‘Worst’ feared as beauty queen remains missing | Inquirer News

‘Worst’ feared as beauty queen remains missing



LUCENA CITY—Investigators feared the “worst” has happened to aspiring beauty queen Catherine Camilon amid allegations about the “violent nature” of the police officer she was “in a relationship” with and who has now been charged for her disappearance.

“Considering she was last seen last Oct. 12, we are still hoping for the best. And realistically, we are also expecting the worst,” said Police Col. Jacinto Malinao Jr., chief of the Criminal Investigation and Detection Group 4A (CIDG-4A) in the Calabarzon (Cavite, Laguna, Batangas, Rizal and Quezon) region, in a phone interview on Tuesday.


When pressed further for information about Camilon’s fate and whereabouts, Malinao replied: “It is still negative.”


Camilon, 26, a contestant in the recently concluded Miss Grand Philippines 2023, is still classified as a “missing person” by the CIDG-4A, the lead agency in the investigation on the case, even as complaints for kidnapping and illegal detention have been lodged against Police Maj. Allan de Castro, his personal driver and bodyguard Jefrey Magpantay, and two other John Does before the Batangas Provincial Prosecutor’s Office on Monday afternoon.

Investigators had previously said that a police officer was the “person of interest” in Camilon’s missing case but it was only on Monday when De Castro was identified, alongside the filing of a complaint against him.


De Castro, the deputy chief of the Batangas provincial police drug enforcement unit, is now restricted to the Calabarzon police headquarters in Laguna.

Malinao said De Castro continued to insist on his innocence and maintained he did not know the whereabouts of Camilon, who went missing while driving a gray Nissan Juke car from her home in Tuy town in Batangas province to Batangas City on Oct. 12.

Primary suspect

According to Col. Jean Fajardo, spokesperson of the Philippine National Police, the prosecutor would have 10 days to evaluate whether the complaint referred by the CIDG had sufficient evidence to proceed to a preliminary investigation.

“The [CIDG-RFU4A] is preparing other documents to support the case they have filed. We filed a kidnapping case because the victim was reported missing from Oct. 12 and until today, we are still uncertain whether she is still alive or not,” Fajardo said at press briefing in Camp Crame.

According to Malinao, De Castro is allegedly “capable of committing violence,” as the police officer would sometimes inflict physical harm on Camilon, based on accounts of the woman’s friends.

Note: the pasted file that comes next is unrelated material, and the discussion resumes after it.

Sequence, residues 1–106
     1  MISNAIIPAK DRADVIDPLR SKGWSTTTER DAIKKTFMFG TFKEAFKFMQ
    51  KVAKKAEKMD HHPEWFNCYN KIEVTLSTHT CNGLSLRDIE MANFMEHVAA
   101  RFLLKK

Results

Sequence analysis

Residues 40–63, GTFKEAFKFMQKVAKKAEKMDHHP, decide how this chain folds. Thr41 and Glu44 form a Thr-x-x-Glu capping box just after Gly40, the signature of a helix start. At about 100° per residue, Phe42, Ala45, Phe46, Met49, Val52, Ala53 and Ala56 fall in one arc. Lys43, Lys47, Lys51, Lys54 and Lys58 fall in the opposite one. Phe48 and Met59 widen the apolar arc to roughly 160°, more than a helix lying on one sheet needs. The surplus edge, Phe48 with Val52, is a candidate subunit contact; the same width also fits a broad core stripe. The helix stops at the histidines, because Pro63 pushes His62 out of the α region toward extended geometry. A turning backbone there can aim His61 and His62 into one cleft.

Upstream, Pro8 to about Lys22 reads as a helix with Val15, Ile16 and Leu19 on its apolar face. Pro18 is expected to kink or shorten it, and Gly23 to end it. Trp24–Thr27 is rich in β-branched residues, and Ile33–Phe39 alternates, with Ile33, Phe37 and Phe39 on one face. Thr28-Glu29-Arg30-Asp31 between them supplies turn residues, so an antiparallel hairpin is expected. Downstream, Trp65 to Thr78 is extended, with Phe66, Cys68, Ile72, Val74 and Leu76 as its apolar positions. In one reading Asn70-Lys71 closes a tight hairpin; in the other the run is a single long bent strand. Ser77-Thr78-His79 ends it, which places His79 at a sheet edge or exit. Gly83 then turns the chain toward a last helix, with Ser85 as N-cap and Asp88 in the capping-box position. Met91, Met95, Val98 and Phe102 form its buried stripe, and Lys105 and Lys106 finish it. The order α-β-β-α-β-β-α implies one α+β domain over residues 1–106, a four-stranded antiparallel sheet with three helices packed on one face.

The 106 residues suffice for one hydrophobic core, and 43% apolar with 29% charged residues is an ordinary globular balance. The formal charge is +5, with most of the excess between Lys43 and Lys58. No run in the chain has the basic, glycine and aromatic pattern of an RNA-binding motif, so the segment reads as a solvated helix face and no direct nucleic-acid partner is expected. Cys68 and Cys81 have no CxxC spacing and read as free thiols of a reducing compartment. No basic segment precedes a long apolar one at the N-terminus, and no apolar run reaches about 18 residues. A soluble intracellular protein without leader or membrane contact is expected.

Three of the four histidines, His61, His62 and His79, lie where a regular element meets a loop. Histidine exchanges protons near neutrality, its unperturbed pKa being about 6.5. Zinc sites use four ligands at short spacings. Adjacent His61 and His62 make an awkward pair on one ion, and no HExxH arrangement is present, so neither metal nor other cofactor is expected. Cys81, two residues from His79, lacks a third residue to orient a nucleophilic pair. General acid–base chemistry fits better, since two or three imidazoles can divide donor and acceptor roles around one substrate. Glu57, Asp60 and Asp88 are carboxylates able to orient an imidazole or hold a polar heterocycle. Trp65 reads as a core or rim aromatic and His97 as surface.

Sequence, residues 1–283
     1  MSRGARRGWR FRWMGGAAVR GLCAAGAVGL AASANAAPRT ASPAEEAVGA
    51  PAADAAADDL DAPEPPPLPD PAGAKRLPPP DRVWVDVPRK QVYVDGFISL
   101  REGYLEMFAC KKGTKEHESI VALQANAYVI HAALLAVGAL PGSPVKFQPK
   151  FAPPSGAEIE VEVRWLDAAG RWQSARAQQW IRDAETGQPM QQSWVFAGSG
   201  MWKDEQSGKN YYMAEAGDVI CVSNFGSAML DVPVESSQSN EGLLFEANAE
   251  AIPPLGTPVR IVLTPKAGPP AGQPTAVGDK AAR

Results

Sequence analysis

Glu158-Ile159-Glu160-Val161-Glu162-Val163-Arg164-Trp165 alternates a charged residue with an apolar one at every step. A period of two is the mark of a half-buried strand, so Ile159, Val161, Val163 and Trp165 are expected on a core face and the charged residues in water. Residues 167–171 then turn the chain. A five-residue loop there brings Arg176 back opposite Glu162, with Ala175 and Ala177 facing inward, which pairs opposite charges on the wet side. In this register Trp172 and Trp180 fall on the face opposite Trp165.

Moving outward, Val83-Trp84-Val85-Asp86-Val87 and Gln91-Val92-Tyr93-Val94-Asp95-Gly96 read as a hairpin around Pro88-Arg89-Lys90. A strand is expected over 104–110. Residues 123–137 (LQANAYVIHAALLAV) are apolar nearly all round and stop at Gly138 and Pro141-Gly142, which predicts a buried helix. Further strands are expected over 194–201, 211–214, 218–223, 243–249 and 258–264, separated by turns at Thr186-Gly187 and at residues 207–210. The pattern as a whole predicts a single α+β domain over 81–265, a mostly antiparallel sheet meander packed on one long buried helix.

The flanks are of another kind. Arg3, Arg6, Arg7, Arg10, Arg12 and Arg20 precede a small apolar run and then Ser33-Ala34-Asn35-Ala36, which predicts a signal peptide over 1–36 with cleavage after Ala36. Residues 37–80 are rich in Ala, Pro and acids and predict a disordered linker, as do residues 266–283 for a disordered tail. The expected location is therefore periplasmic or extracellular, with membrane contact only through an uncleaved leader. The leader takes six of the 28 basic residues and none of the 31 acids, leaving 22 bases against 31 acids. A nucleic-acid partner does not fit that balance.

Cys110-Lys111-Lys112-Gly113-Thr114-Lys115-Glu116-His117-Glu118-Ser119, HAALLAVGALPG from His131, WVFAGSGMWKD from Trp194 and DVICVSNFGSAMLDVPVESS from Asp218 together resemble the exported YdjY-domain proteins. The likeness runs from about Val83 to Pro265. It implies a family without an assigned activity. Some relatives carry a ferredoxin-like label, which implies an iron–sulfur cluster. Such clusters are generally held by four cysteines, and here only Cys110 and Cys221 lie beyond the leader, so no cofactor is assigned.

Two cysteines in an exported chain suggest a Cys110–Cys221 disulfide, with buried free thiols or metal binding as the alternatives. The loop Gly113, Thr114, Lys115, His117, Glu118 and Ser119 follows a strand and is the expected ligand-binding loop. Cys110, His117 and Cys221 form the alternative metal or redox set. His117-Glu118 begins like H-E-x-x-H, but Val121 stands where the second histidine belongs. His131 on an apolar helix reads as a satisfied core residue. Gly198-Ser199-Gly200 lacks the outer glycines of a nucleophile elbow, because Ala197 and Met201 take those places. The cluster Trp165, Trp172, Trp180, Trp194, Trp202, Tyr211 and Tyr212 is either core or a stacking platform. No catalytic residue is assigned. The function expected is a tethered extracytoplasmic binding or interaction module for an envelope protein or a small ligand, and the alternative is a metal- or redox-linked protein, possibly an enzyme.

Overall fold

“He became furious when allegedly Catherine reported to his wife that he has another woman,” Malinao said in the interview.

He added: “We also have the exchange of messages between Camilon and her friend that sometimes, when De Castro is drunk, she would go home with bruises in her body.”

Malinao said that based on their investigation and initial evaluation of the Department of Justice provincial prosecutor in Batangas, De Castro was the person Camilon was going to meet on the day of her disappearance.

Hair strands, blood

Magpantay, De Castro’s driver, was later identified to be one of the three men chanced upon by two witnesses while the three were transferring a blooded and unconscious woman from a gray Nissan Juke to a red Honda CRV at the vicinity of Bauan town on the night of Oct. 12.It was Magpantay who pointed a gun at the two witnesses and told them to leave the area, Malinao said.

Camilon’s last text message to her mother before she went missing was that she was at a gas station in Bauan, investigators had said.

Malinao said they were still trying to identify the two John Does and their links to De Castro.

On Nov. 9, a red Honda CR-V was found unattended at a vacant lot in Barangay Dumuclay, Batangas City without its plate numbers and conduction sticker.

Citing a report from the police crime laboratory, Malinao disclosed that the investigators found “17 hair strands and 12 swabs of blood samples” inside the vehicle.

He said the investigators immediately sought the help of Camilon’s family to obtain their DNA samples to compare with the blood found in the vehicle “but they declined to provide the specimen in the meantime.”

“We understand that. However, they said they are willing to give once they are ready,” Malinao said.

He said the registered owner of the Honda CR-V was located but the latter claimed he sold the vehicle in 2013. The vehicle’s ownership history is being investigated by the Highway Patrol Group, he added.

Camilon’s older sister, Chin-Chin Manguera Camilon, welcomed the release of De Castro’s identity during the PNP’s press conference in Camp Crame on Monday.

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“Eto na pinangalanan na, sa sunod ikaw na yung hindi matatahimik (Now that you are finally named, it’s your turn to lose your peace of mind),” said Chin-Chin in a Facebook post on Tuesday. INQ

TAGS: Catherine Camilon, missing beauty queen

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